We reached Tuuthebe Lodge in Lethlakhane around 15:00, booked in and enjoyed the luxury of a chalet that would not be seen for the next 36 odd nights. A quick trip into town and the stock list was complete. Up early, coffee and rusks, the last decent shower for a while, we were off to Motswere Gate. Water was filled already at Khama Rhino and wood was sorted there as well. Diesel filled up at Mopipi and the load could be felt.
At Rakops I wanted to fill the diesel usage from Mopipi, but was unable to find the filling station. Having what I thought enough fuel, I did not put in too much effort and moved on. At the turnoff to CKGR tyres were deflated and the excitement grew. We were now entering the remote and wild areas we were dreaming about.
The huge flocks of birds about 5 km in on this road was quite spectacular and upped the already high spirits quite a bit. The picture below doesn’t do this spectacle justice.
The 45 km to Motswere Gate was very dusty in places and one could notice the battles that were fought during the wet weather, but overall not too bad. The 30l drum on the roof rack taken to be used as a washing machine came loose twice, luckily never fell off. This was filled with water, which came in handy towards the end at Kori. The drum, ……… not going with again.
We arrived and registered at Motswere and sorted out the stay for the night at the gate site. This made this day and the next easy on us, thanks Christa. Wood was available, but no water. We made what we called the one night stand camp and settled down, enjoying the surroundings although still at the gate.
Our first campfire for Botswana. We watched bush channel 1 till way after dark.
Up early again and we were off to Passarge 2. Was nice seeing Tiaan from Tiaans camp and got some up to date info on Khumaga from him. This is where I started to encounter some of the dreaded sand I read about. I had no difficulty at all. The game started to appear here and there and we were in heaven. Where it opens into plains at the first big intersection we were greeted by great numbers of different game.
En route to Passarge.
The road became very overgrown towards the north up to where it opens to the valley towards the west. The Landy & Boskriek gathered their CKGR stripes.
Arriving to this at Passarge 2 was just beyond words to me, and it was clean and there were no hijackers.
Camp was now to be set up as full monty. This we did to make provision for overnight storage of everything (the wing divider was also added to create a “room” at the door). Easy enough to set up, took us by the third time around 50 min going at a slow pace.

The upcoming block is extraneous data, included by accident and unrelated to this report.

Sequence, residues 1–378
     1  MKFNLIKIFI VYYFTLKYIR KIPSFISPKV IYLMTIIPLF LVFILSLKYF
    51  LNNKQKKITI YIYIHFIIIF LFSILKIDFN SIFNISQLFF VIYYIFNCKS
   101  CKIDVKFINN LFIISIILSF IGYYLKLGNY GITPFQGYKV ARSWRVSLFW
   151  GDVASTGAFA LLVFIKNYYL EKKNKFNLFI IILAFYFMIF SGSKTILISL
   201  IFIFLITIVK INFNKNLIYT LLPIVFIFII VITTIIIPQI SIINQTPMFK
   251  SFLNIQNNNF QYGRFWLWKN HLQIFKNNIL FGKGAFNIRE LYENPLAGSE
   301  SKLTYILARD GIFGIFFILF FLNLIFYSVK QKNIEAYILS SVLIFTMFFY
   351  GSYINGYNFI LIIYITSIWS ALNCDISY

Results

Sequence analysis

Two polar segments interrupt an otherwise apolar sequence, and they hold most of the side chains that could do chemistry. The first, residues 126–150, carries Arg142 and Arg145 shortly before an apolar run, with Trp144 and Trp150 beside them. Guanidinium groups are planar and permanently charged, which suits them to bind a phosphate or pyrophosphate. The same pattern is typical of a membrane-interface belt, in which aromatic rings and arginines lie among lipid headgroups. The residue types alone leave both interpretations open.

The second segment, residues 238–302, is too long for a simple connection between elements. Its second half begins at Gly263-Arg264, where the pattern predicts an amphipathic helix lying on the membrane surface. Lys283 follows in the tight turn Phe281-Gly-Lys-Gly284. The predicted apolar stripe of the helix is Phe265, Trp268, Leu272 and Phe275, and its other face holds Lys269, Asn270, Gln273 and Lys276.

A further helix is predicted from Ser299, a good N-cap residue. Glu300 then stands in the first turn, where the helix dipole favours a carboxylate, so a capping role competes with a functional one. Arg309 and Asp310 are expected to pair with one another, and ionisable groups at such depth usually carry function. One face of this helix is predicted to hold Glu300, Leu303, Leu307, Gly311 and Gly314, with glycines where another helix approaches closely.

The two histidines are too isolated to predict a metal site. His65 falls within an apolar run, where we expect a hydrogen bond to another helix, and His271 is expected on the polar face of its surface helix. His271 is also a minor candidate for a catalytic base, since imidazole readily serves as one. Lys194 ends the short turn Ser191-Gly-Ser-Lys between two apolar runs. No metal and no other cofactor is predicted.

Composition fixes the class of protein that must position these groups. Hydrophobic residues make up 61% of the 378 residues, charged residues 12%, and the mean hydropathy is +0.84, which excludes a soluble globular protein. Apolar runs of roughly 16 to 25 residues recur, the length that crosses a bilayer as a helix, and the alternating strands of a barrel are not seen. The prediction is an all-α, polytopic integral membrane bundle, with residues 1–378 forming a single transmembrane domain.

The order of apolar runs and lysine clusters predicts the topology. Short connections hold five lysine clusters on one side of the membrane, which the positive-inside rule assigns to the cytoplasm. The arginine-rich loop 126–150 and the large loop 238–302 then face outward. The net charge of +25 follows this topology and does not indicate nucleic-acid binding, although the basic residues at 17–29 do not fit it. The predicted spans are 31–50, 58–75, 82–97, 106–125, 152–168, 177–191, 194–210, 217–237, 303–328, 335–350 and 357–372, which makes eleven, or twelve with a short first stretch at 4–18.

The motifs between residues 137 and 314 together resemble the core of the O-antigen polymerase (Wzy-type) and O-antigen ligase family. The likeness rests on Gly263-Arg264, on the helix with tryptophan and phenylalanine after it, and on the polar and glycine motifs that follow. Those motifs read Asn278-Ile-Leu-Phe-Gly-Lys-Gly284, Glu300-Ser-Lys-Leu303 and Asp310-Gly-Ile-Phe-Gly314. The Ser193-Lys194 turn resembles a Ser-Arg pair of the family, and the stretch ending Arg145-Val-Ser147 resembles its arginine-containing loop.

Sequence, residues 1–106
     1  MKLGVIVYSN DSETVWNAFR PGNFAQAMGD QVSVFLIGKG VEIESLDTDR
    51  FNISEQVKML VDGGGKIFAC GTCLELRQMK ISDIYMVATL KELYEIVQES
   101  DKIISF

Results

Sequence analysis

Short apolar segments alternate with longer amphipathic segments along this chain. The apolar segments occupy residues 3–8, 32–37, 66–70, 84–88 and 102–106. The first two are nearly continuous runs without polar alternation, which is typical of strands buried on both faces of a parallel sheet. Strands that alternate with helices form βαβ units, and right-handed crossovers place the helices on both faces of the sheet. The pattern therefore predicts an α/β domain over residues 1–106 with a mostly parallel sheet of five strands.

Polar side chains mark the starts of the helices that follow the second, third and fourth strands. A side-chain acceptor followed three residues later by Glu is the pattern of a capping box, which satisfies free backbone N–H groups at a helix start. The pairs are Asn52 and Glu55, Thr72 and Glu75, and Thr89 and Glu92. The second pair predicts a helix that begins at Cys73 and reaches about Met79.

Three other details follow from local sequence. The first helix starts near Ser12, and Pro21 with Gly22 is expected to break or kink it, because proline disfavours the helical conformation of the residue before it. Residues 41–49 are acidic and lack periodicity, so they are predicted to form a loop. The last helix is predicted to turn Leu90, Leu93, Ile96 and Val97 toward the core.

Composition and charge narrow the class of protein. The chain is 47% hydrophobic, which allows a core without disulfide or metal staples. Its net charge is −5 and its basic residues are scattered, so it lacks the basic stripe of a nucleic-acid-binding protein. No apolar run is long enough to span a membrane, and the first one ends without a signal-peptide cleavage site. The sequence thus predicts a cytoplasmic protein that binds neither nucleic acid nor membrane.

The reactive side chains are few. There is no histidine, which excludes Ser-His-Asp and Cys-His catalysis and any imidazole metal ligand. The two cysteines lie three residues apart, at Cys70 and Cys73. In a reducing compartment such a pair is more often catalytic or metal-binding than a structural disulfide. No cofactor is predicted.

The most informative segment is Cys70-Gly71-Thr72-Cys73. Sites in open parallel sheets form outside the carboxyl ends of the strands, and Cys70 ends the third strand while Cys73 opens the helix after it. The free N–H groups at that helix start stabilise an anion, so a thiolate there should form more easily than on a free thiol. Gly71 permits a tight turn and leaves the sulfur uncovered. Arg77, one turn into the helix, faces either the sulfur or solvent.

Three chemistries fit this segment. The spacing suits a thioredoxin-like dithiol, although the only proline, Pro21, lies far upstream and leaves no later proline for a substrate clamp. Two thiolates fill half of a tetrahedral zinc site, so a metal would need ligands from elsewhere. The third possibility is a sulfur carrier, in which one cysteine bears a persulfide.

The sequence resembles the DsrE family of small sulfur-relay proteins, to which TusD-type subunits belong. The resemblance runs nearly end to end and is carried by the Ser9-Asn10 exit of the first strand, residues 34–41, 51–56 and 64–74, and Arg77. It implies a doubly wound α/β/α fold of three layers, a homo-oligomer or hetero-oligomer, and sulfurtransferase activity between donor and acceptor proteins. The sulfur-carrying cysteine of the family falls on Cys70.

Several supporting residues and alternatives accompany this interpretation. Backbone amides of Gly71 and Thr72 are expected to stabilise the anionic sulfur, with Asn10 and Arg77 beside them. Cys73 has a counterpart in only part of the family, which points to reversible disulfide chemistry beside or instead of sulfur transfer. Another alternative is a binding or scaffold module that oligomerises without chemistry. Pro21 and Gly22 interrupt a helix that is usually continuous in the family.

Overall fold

Passarge 2 to us was a very nice site with the plains in front. Be aware that you only have the choice of going east or west on same road for quite a distance. This was no issue to us, or else you chill in camp and watch the game passing by. Very peaceful.
Going to bed on the first night, everything was packed away as advised by so many. The garbage bag was put on top of the roof rack. Fast asleep sometime during the night I was waked by the following, excuse the Afrikaans: “ Liefie daar is `n voël op die kar se dak. Liefie daar is `n groot voël op die kar se dak”. Probable too slow in responding the following came in a slightly higher tone: “ Liefie daar is `n moerse voël op die kar se dak”. I was now up. Great sighting, not so great picture. The garbage bag was promptly moved to the nose box of the caravan.
The 2 nights flew by and we were moving on to Piper 1. Just a few km down the road we came across 6 lions. The male & 1 female were quite far in the long grass, the female below and 3 youngsters in the road. The youngsters ducked into the bushes, but this one posed nicely for us
We were soon on the “snakes & ladders” road. This was seriously overgrown, and arriving at Piper I discovered that the taillight cable has been damaged where clever hooked it around the front stabilizer to take up the slack. I had the drawing, tools and duct tape. Easy fix. Don’t hook it around there again.
En route to Piper the dreaded moment arrived with an oncoming vehicle and we were on a thick sand stretch, caravan in tow. I adopted the theory of – if I am towing I would expect a single vehicle to make way, if I am towing and a convoy approach I will give way, if I am not towing I will always give way unless the oncoming vehicle beats me to it. There was only one vehicle so I stood my ground. The guy gave way to me and I thanked and passed. All too soon a second vehicle approached. Again, the guy tried to give way but battled to get the vehicle up the embankment and kept approaching looking like his front wheels are a plough. Maybe a little less speed and bit more deflating? I decided to give way, selected low range and climbed up the other side without any hassles. This was a relieve, remember this was now really thick sand with a seriously high embankment on the sides. I can still see his wife’s face as I climbed out the tracks, with the Landy capable of quite a bit of leg stretch. It went something like this: “WHAAOOOOWWWW”
At the first pan at Piper we met fellow Bush Lapa owners and had a quick chat. Theirs were not in tow though, sorry can’t remember the no. Arriving at Piper 1 we were to be met by hijackers. A quick talk and checking their paperwork they were requested to move on to 2 where they were booked. We set up camp on the drowning spot where Stan advised us not to. It was dry and there has been no weather around since in Botswana, so we took the chance.